(1897-1937) American aviator
Certificate of Landing
for her great flight as
First Woman to Fly Solo Across the Atlantic
(May 21, 1932)
The Second Person Ever to Fly Solo Across the Atlantic
(May 21, 1932)
(Lindbergh was the first)
A failed altimeter, Thunder storms, buffeting, a precipitous drop of 3000 feet, the plane began to spin, flames trailing wildly from a broken engine weld, vibrations starting from the weakened metal.
In 1928, Earhart was the first woman to fly (as a passenger) across the Atlantic, On May 21, 1932 she then set a record by making her own solo crossing in just 13 hours 15 minutes.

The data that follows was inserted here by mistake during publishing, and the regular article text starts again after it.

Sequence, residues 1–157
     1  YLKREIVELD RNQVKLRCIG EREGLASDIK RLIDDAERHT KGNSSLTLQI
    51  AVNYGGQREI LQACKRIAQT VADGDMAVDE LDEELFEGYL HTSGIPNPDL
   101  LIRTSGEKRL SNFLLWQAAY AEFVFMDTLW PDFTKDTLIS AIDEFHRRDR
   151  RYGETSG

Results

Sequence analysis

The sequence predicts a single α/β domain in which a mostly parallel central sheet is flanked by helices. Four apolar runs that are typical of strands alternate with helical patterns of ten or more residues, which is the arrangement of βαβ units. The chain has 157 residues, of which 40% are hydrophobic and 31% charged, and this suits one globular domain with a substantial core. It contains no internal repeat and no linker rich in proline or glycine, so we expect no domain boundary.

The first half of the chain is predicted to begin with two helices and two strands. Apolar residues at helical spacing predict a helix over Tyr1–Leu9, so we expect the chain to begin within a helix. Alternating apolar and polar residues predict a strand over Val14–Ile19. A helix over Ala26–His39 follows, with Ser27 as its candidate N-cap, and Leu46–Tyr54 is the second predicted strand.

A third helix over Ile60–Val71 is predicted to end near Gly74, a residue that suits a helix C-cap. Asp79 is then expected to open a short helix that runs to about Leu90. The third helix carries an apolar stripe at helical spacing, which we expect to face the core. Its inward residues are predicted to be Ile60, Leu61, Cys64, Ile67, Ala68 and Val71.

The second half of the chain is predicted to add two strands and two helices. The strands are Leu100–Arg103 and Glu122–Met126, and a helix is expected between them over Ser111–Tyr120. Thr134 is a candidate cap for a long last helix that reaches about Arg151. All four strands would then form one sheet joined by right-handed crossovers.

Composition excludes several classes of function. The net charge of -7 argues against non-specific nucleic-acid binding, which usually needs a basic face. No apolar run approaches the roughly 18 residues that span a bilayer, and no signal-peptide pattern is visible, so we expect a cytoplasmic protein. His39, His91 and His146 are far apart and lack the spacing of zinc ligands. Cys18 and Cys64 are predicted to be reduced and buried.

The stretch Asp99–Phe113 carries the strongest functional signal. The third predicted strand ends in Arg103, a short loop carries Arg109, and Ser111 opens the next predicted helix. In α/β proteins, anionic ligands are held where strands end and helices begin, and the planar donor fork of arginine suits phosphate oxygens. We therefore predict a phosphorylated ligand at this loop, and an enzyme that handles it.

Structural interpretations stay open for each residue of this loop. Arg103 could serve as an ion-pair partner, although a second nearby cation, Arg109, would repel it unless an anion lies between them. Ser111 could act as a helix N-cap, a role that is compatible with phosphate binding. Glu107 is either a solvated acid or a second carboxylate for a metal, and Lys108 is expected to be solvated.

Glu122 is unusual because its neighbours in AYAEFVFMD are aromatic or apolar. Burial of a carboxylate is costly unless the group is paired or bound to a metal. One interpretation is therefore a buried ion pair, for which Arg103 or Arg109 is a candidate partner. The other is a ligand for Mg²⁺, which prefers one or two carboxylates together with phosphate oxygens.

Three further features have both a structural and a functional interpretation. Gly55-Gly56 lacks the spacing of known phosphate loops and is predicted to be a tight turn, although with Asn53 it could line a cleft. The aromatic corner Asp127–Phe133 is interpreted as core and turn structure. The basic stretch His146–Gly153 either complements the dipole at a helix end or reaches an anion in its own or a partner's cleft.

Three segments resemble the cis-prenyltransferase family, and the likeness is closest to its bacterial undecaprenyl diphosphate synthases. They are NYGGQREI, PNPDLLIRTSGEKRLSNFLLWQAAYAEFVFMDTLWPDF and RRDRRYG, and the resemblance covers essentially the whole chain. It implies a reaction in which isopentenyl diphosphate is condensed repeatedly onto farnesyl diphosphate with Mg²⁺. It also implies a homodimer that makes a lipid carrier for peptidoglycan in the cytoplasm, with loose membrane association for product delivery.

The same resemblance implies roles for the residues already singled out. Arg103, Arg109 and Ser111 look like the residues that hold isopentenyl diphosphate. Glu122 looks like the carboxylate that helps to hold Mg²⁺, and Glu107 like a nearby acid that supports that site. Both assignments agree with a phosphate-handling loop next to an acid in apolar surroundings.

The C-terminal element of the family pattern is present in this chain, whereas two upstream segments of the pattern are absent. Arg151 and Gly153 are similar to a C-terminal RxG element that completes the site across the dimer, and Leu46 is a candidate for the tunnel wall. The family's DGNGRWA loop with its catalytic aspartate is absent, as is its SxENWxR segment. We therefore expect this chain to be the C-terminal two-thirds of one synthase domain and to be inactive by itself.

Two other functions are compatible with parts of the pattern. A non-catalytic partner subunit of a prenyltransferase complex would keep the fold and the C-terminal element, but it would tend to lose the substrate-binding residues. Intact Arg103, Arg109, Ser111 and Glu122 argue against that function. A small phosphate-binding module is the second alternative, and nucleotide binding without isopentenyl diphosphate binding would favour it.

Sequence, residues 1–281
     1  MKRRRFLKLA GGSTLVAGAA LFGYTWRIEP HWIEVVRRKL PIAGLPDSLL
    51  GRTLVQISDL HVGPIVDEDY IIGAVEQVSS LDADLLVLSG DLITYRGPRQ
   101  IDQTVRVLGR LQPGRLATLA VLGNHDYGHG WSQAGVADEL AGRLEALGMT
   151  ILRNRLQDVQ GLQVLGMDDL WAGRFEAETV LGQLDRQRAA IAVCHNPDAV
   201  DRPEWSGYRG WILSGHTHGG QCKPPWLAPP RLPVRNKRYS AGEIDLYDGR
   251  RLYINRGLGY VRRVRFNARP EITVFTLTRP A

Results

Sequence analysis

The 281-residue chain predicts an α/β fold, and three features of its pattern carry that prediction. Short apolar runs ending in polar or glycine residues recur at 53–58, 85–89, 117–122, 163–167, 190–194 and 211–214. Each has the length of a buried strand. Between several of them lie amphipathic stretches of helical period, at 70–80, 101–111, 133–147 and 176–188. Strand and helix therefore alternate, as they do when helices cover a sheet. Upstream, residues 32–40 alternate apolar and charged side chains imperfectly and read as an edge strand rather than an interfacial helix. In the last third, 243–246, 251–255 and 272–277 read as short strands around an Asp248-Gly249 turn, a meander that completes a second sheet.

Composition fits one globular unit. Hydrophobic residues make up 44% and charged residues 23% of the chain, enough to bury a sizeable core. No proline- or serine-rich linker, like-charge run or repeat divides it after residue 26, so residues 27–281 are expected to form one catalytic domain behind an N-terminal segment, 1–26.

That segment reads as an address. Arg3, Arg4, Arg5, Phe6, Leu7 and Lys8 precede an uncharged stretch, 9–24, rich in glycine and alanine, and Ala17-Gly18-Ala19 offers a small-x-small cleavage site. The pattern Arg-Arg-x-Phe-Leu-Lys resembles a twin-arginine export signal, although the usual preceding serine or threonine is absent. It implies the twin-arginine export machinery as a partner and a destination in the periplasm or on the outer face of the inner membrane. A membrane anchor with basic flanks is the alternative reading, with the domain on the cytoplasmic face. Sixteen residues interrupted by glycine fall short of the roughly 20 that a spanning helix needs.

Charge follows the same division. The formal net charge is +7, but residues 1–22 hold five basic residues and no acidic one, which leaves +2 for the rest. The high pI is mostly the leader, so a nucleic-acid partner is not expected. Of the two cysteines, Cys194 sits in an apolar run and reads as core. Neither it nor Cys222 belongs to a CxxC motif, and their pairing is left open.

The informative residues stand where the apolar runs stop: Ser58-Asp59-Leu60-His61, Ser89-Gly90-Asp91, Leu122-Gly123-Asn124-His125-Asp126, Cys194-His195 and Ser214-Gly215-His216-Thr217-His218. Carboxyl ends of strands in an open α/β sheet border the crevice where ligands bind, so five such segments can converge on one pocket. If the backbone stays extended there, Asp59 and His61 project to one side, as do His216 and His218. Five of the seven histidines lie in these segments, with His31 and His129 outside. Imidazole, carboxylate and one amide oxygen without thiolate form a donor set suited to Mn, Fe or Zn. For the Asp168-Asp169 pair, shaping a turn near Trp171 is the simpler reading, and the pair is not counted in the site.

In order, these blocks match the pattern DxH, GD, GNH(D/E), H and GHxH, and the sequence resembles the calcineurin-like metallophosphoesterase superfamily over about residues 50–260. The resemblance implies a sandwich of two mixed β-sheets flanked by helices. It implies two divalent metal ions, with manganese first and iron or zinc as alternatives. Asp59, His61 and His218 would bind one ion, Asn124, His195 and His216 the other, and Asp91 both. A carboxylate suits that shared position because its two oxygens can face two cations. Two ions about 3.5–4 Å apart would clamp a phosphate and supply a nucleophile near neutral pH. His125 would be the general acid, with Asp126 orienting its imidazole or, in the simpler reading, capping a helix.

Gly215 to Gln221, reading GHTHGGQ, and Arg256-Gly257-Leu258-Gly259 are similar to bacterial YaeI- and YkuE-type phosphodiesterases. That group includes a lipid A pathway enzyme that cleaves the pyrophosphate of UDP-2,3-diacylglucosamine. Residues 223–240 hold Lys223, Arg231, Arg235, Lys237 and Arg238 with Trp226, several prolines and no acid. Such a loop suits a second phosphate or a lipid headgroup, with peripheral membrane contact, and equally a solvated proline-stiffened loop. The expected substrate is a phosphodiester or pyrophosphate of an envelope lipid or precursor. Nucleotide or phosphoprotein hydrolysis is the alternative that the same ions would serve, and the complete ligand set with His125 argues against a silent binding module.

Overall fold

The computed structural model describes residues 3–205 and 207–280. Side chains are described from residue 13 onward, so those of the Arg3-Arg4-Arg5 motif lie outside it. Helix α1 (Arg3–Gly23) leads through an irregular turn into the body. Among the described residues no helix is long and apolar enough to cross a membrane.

Amelia Earhart took off from Harbor Grace, Newfoundland, at twelve minutes after seven in the evening, May 20, 1932. She opened the engine for the rush of take off. Good weather continued for several hours; the moon came up to guide her. Then the altimeter failed. This was followed by a severe thunderstorm that buffeted the Lockheed. The barograph, an instrument that records on a disc the course of the plane and its rate of ascent and descent, was working and recorded an almost vertical drop of 3,000 feet. The plane began to spin but she was able to right it and hold level again through the darkness. Then she saw flames trailing from a broken weld on the manifold ring of the engine. With daylight, the leaking flame looked less ominous. As the hours dragged on, flames from an exhaust manifold burnt wildly, the weakening metal was vibrating and when she turned on the reserve tanks she found they had a leaky gauge. She dropped down along the coast, flew low and knew she must land. She landed at Springfield, six miles from Londonderry Ireland, at two thirty on Saturday afternoon, May 21. The first person who saw her on landing was Dan M'Callion, a farm laborer who said "I saw the plane landing in a field and went up to it. I reached the plane just as Miss Earhart left the cockpit. I asked her where she came from and she replied from the States.